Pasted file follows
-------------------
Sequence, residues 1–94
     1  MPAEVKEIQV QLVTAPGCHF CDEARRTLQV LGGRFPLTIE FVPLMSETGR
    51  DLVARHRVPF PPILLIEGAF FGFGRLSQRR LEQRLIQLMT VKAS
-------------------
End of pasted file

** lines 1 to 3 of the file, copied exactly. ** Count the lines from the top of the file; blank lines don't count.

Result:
Sequence, residues 1–94
     1  MPAEVKEIQV QLVTAPGCHF CDEARRTLQV LGGRFPLTIE FVPLMSETGR
    51  DLVARHRVPF PPILLIEGAF FGFGRLSQRR LEQRLIQLMT VKAS